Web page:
THE LIBERAL ARTS & STEM Why either/or instead of both/and?

Does this argument come down to money and profit?

Matt Bevin, Governor of Kentucky. Accessed online at

"There will be more incentives to electrical engineers than french literature majors. There just will. All the people in the world that want to study French literature can do so, they are just not going to be subsidized by the taxpayer." —Matt Bevin

By emphasizing broad preparation, the U.S. is something of an outlier, though one senses in the recent statements of some governors that they believe their public universities should only support disciplines and degree programs that contribute to economic growth and they mistakenly believe the arts and humanities do not fulfill such objectives. —Eugene Tobin

Accessed online at

“In the college area, everybody should have a sense of which of the colleges—both community and four-year institutions—are doing very well. You can even break that down by the departments. It’s actually very interesting when you take higher ed and think of it in that way. The amount of subsidization is not that well-correlated to the areas that actually create jobs in the state—that create income for the state. Now, in the past it felt fine to just say, 'OK, we’re over all going to be generous with this sector.... But in this era, to break down and really say, ‘What are the categories that help fill jobs and drive that state economy in the future?’—you’ll find that it’s not across the board in terms of everything that the state subsidizes in higher education.” —Bill Gates, February 2011, in a speech to the National Governors Association

Or does industry demand more diversified and hybridized skills?

"It’s in Apple’s DNA that technology alone is not enough — it’s technology married with liberal arts, married with the humanities, that yields us the results that make our heart sing." —Steve Jobs, March 2011, introducing the iPad 2

"Employers' demand for professionals with a liberal arts background might actually be greater than generally perceived, largely because their broader scope of knowledge and skills learned can differentiate themselves from the pool of candidates. / HR executives perceive graduates with liberal arts degrees as well-rounded candidates with characteristics that stimulate efficiency and resourcefulness. / Workers who can navigate and rethink business models using knowledge from many different disciplines, with an ability to continuously learn, are qualities in the wheelhouse of liberal arts students."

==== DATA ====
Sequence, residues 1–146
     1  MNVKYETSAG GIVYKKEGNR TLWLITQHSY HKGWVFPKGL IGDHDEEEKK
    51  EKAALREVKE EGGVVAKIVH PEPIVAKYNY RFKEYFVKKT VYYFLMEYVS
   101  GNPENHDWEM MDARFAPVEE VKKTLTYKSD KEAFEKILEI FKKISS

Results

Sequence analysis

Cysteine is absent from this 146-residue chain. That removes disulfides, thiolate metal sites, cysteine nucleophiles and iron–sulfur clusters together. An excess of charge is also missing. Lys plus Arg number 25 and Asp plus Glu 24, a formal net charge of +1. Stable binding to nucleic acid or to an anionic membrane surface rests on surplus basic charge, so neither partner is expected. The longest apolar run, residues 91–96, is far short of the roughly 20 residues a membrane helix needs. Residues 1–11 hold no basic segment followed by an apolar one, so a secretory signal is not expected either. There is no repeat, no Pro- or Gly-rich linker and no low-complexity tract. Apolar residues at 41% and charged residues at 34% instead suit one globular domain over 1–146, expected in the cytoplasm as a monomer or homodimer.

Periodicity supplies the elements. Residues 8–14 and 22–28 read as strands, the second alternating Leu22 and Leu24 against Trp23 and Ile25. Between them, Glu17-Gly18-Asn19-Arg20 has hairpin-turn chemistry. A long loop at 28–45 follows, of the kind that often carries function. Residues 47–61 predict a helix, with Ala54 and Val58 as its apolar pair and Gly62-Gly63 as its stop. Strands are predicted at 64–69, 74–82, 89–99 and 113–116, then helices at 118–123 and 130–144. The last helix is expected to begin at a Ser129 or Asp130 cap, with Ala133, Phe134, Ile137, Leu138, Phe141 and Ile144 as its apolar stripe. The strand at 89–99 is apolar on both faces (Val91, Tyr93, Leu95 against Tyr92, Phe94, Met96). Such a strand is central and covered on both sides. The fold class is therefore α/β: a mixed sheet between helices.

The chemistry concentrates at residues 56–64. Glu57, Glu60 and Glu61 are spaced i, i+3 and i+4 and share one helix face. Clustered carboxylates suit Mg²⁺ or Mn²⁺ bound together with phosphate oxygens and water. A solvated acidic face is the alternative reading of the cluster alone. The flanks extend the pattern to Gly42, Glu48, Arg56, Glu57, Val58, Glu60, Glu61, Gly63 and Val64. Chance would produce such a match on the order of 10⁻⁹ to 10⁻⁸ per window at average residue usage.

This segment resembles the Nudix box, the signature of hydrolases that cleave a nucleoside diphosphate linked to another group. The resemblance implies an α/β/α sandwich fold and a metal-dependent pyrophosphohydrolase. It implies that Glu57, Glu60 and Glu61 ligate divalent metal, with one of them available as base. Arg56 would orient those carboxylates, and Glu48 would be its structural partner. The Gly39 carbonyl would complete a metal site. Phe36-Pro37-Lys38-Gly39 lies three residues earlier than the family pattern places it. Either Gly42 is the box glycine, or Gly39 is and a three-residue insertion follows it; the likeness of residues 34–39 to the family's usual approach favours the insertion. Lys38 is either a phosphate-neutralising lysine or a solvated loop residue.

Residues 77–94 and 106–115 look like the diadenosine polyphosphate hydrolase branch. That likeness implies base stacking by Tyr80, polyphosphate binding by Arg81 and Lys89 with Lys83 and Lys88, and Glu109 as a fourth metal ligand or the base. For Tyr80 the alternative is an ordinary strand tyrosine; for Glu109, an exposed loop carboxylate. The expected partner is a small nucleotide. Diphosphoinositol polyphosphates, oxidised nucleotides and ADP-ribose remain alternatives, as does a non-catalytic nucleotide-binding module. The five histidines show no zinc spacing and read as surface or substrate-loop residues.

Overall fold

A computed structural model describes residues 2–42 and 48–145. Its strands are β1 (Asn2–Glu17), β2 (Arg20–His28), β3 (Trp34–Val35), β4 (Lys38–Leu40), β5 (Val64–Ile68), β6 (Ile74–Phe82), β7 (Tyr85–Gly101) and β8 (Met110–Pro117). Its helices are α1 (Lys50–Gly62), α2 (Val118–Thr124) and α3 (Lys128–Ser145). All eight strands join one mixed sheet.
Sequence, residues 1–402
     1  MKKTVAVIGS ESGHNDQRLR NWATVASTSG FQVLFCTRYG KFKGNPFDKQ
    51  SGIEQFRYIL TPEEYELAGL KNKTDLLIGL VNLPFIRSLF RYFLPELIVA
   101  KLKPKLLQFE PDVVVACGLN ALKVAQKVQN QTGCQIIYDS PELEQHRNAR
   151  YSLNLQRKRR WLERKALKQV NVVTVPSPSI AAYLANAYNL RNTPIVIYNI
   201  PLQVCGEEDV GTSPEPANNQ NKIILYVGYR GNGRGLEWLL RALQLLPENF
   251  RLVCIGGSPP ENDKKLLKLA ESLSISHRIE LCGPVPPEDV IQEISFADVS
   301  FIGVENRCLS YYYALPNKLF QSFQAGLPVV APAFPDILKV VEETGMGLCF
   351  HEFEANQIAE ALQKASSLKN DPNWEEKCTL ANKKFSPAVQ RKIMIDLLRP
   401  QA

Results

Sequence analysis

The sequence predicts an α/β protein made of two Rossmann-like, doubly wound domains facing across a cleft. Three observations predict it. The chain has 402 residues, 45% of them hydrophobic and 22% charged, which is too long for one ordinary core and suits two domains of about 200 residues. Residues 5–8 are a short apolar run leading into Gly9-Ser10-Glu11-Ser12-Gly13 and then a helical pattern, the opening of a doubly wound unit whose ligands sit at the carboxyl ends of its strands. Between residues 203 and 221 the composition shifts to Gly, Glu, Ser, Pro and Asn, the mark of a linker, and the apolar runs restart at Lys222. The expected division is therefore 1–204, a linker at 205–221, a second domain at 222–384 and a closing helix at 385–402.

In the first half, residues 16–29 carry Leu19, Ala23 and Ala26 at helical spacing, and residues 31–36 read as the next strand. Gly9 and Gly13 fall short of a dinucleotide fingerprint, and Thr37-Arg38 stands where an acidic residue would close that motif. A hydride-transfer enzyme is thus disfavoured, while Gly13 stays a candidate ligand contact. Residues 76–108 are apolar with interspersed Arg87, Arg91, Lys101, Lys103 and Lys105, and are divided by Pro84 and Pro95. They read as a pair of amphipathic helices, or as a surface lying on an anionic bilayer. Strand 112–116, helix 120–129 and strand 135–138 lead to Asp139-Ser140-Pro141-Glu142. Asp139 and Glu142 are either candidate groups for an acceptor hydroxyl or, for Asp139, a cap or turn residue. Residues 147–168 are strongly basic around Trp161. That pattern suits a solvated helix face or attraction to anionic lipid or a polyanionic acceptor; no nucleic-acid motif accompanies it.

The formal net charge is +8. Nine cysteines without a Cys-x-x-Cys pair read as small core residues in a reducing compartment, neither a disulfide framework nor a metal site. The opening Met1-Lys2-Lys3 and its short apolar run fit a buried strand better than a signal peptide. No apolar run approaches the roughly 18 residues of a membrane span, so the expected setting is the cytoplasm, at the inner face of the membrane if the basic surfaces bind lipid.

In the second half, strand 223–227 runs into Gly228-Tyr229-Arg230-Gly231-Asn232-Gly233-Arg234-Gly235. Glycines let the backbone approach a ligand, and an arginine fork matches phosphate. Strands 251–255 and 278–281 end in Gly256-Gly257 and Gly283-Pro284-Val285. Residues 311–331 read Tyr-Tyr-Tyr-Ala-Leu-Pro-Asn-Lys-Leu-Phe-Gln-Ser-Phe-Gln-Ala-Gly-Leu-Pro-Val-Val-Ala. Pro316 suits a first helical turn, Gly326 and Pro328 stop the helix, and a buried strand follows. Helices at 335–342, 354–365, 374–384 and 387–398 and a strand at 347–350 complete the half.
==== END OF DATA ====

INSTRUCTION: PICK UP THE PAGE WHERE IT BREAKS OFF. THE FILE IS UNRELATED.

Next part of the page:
"My research team at Duke and Harvard surveyed 652 U.S.-born chief executive officers and heads of product engineering at 502 technology companies. We found that they tended to be highly educated: 92 percent held bachelor's degrees, and 47 percent held higher degrees. But only 37 percent held degrees in engineering or computer technology, and just 2 percent held them in mathematics. The rest have degrees in fields as diverse as business, accounting, finance, health care, arts and the humanities.

"Gaining a degree made a big difference in the sales and employment of the company that a founder started. But the field that the degree was in or the school that it was obtained from was not a significant factor.

"Over the past year, I have interviewed the founders of more than 200 Silicon Valley start-ups. The most common traits I have observed are a passion to change the world and the confidence to defy the odds and succeed."


Do we just want people to get jobs that pay a decent wage?

Or are we making STEM topics the new "practical skills" for the working class in the 21st century?

Larry Shinn notes a difference between liberal arts and liberal education, further clouding the issue.

"Liberal education (often also known as “general education,”or the part of a liberal education curriculum that is shared by all students, regardless of major) is required on most college and university campuses. It seeks to provide a broad array of intellectual and practical abilities that enable all students:

"To practice analytical thinking and communicate well in written and oral modes;

"To frame issues in historical and multicultural contexts;

"To work independently and in team settings;

"To assume both vocational and civic roles and responsibilities; and

"To apply their knowledge and skills in complex problem-solving in an evermore complex and rapidly changing world.

"These abilities and skills are the very ones that employers seek today—that is, they are “practical” skills for virtually all professions. Of the business and industry leaders who responded to a survey conducted by the Association of American Colleges and Universities (AAC&U), 93 percent said that a college graduate they hired should have a demonstrated capacity to think critically, communicate clearly, and solve complex problems—all skills provided by a good liberal education. More than nine in 10 business and community leaders stressed the importance of college graduates demonstrating ethical judgment and integrity, intercultural skills, and the capacity for continued new learning—again, core goals of a liberal education.

Illustration by Daniel Fishel for the Washington Post

Does the distinction even matter when parents won't let their children major in the liberal arts?

And what is the endgame of those who would keep us trained in executing skills but not skilled in executing critical thought?

Created By
Kristen Patterson


Created with images by _Fidelio_ - "The Thinker." • segagman - "Steve Jobs 1955-2011" • Radoslav Minchev - "Creative Playground" • StartupStockPhotos - "entrepreneur startup start-up" • Pexels - "ceremony graduates graduation"

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